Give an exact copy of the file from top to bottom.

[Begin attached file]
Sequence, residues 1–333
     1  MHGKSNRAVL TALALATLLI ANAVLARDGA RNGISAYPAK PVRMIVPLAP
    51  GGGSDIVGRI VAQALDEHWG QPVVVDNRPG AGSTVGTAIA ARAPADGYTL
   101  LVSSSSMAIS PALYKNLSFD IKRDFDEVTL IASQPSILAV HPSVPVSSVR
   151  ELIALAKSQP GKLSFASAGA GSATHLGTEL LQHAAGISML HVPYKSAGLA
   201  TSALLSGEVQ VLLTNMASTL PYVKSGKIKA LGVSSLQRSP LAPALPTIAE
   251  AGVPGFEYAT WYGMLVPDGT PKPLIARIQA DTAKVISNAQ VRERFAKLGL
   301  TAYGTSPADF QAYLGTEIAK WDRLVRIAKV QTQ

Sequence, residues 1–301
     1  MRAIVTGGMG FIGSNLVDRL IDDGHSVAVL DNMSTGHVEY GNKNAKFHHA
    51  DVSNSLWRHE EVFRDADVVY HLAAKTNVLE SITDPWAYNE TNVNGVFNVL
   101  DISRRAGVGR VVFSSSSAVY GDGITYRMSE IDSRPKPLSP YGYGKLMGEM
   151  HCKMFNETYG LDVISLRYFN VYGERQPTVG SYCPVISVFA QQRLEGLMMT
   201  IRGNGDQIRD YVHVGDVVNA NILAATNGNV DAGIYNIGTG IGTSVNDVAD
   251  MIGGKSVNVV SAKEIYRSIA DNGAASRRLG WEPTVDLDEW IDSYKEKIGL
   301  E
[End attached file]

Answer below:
Sequence, residues 1–333
     1  MHGKSNRAVL TALALATLLI ANAVLARDGA RNGISAYPAK PVRMIVPLAP
    51  GGGSDIVGRI VAQALDEHWG QPVVVDNRPG AGSTVGTAIA ARAPADGYTL
   101  LVSSSSMAIS PALYKNLSFD IKRDFDEVTL IASQPSILAV HPSVPVSSVR
   151  ELIALAKSQP GKLSFASAGA GSATHLGTEL LQHAAGISML HVPYKSAGLA
   201  TSALLSGEVQ VLLTNMASTL PYVKSGKIKA LGVSSLQRSP LAPALPTIAE
   251  AGVPGFEYAT WYGMLVPDGT PKPLIARIQA DTAKVISNAQ VRERFAKLGL
   301  TAYGTSPADF QAYLGTEIAK WDRLVRIAKV QTQ

Sequence, residues 1–301
     1  MRAIVTGGMG FIGSNLVDRL IDDGHSVAVL DNMSTGHVEY GNKNAKFHHA
    51  DVSNSLWRHE EVFRDADVVY HLAAKTNVLE SITDPWAYNE TNVNGVFNVL
   101  DISRRAGVGR VVFSSSSAVY GDGITYRMSE IDSRPKPLSP YGYGKLMGEM
   151  HCKMFNETYG LDVISLRYFN VYGERQPTVG SYCPVISVFA QQRLEGLMMT
   201  IRGNGDQIRD YVHVGDVVNA NILAATNGNV DAGIYNIGTG IGTSVNDVAD
   251  MIGGKSVNVV SAKEIYRSIA DNGAASRRLG WEPTVDLDEW IDSYKEKIGL
   301  E